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One Writer's World

What I'm reading . . .

It should be no surprise that I read a lot of mysteries, but I like to read in other genres as well. Recently I picked up Mohsin Hamid's new book The Last White Man. If nothing else, this is an intriguing title, so I checked it out of the library and settled in during an evening last weekend to read it. The story opens with a young white man waking up one morning to discover that he has brown skin. He's confused, uncertain what has happened or how it happened. He calls in sick to his job, at a gym, and waits for his skin to fade to white. But it doesn't fade. Nothing changes, so the next day he tells his boss things are worse and he won't be in all week. The boss is not happy. I don't want to spoil the story for those who haven't read it, and I urge you to do so. It's a short tale (fewer than 200 pages), and held my interest. But there is one aspect that struck me throughout.


Hamid is a master of the run-on sentence. At first I thought he was prone to long, convoluted passages, but as I read closely, I saw that wasn't the case. My ever-present grammarian hovered over my shoulder pointing out all the comma splices and independent clauses hooked on with little more than "and," sometimes running on to half a page or more. My interest in the story shushed the grammarian, but by the end of the book I was wholely in Hamid's camp. His never-ending, barely punctuated, and rarely properly linked sentences kept up an easy flow of movement and thought through what was a fraught situation for the main character. I imagined a paragraph recast with proper punctuation, and it would have ruined the reading experience. The style mattered for the story, a tale of one man, and then others, in a situation well beyond their comprehension and certainly their control. Life flowed on, and the characters could only ride the circumstances.


I would love to hear how others feel about this writing style, as well as the many other layers of the story. The author explores racism and its moments from an unexpected perspective, opening the reader's eyes to thirty seconds that can change a day or a relationship, before life moves on. How does anyone cope with the loss of what has defined someone's identity? If you're familiar with the book, I hope you'll comment here.

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Building and Rebuilding


 A year ago a friend told me this was going to be a year of change and growth. She was definitely right about the first, and I expect when the dust settles, she'll have been right about the second. I think of this year as one of building.
In June my husband died after six months on hospice, and a couple of years almost there, after several years of recovering his health so he could walk five miles a day. He was known throughout the neighborhood as the man with the dogs with the same name. Rob 1, Rob 2, Rob 3, and Rob 4, the current occupant of our home.
When I was a child, we had a dog named Chebacco Rob Roy, a purebred lab, who lived a long and charmed life until the end. He came to us before leash laws, never knew what a leash was unless he was going to the vet's, and wandered the neighborhood without any complaints from anyone. Those dogs and their lives don't exist anymore. In my mother's later years, she was given a shelter dog named Rob, and when she died we took him to live with us. So began the numbering.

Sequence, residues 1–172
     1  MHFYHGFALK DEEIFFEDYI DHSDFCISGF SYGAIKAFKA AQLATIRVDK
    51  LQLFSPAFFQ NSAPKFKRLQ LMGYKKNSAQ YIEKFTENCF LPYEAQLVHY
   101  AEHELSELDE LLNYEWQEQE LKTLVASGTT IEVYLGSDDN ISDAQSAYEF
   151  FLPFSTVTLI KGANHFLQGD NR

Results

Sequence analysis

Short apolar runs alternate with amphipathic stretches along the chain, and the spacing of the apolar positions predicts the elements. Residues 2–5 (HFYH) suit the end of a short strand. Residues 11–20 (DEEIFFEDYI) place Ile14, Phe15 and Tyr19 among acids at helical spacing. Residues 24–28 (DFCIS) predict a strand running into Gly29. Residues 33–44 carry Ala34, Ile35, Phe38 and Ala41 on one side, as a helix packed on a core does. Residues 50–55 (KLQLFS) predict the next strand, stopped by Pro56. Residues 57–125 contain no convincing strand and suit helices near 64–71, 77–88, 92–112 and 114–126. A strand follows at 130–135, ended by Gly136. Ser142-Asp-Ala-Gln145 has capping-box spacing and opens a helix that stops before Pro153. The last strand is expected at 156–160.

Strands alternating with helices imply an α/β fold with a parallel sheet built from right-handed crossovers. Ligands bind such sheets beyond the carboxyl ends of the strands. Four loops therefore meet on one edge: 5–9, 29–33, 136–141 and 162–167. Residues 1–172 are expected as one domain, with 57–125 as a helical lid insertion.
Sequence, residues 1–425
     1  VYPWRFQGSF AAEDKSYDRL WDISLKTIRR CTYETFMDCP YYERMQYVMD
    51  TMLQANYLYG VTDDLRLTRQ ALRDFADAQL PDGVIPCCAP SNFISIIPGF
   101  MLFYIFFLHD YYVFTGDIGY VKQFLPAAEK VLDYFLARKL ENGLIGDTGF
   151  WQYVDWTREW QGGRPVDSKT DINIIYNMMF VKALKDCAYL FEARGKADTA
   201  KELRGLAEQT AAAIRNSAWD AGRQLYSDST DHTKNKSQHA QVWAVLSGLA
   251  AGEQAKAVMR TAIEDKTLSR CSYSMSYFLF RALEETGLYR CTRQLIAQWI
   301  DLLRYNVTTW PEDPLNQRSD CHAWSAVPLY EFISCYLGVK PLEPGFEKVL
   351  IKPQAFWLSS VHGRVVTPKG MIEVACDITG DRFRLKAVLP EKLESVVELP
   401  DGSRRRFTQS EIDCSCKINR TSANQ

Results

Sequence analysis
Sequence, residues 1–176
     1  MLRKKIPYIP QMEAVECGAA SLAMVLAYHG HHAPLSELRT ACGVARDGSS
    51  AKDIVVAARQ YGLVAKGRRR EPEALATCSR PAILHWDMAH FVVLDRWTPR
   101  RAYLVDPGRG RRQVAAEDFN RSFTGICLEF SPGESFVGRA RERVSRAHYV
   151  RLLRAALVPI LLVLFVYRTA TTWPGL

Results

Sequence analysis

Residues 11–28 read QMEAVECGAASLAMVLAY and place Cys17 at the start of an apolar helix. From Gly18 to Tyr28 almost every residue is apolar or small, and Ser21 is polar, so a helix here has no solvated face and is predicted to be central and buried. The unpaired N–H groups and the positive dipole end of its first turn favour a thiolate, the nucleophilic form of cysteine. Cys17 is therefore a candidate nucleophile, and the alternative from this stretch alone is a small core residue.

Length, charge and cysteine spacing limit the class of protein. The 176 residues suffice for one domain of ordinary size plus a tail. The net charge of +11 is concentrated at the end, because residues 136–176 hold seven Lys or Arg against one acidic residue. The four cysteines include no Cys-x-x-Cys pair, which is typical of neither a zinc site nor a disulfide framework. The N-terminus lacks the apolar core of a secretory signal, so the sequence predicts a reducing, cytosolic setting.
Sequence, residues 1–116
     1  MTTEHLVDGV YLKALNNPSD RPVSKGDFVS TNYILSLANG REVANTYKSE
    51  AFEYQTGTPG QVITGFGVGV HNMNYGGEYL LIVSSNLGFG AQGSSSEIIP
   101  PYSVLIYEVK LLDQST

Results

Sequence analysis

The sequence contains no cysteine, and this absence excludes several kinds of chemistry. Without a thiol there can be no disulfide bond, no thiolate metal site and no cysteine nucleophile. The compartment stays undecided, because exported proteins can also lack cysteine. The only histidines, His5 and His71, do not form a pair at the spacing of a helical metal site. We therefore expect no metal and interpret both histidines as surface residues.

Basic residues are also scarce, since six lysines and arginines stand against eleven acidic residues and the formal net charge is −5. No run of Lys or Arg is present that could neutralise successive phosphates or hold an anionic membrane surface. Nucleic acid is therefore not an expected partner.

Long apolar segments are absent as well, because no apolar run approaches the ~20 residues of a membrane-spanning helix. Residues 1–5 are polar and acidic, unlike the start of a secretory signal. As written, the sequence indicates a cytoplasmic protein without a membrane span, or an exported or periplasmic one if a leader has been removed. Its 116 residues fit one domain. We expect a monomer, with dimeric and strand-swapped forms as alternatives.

When Michael died, I had already been walking the dog solo for almost a year and a half, and didn't think anyone would comment one way or the other. But people did. They asked if something had happened to Mike (everyone called him Mike except me and the rest of his family)? Was this Rob 4? Yes and yes. People driving by stop, runners call out and wave, dog walkers stop to tell me our dogs are friends. To my ongoing surprise and delight, I am discovering my husband had another world of neighbors I knew little about. I am now the lady with the dog.
This is all part of rebuilding my life as a widow, a woman without a partner, but a woman with a dog. All of us have to do this at one time or another in our lives. If we lose a job we love because of downsizing, merging, or another reason, we are no longer who we thought we were, and we begin the task of finding a new job, a new way of viewing our work. A parent becomes ill and we are the child who lives closest, and all of a sudden we are the organizer of caregiving. And then the parent dies and we are all of a sudden the oldest of the siblings. We adjust. We take on new roles.
On my walk today I met the mason building the stonewall pictured above.  The two-family apartment building is being upgraded into two condos. He gave me a tour of the neighborhood through a history of the stone work he had done—and he's done a lot. I recognized all the sites, but had never seen him at work at them. He's a craftsman leaving behind a legacy of fine work as he looks to the next job.
That's the way to look at the changes in our lives, at least how I try to look at the changes in mine. I've done my best in the challenges life presented to me, and now I'm building a new life that will bring new challenges and, I hope, new successes. I hope all of you reading this will feel the same optimism and hope as you face the challenges unique to you.

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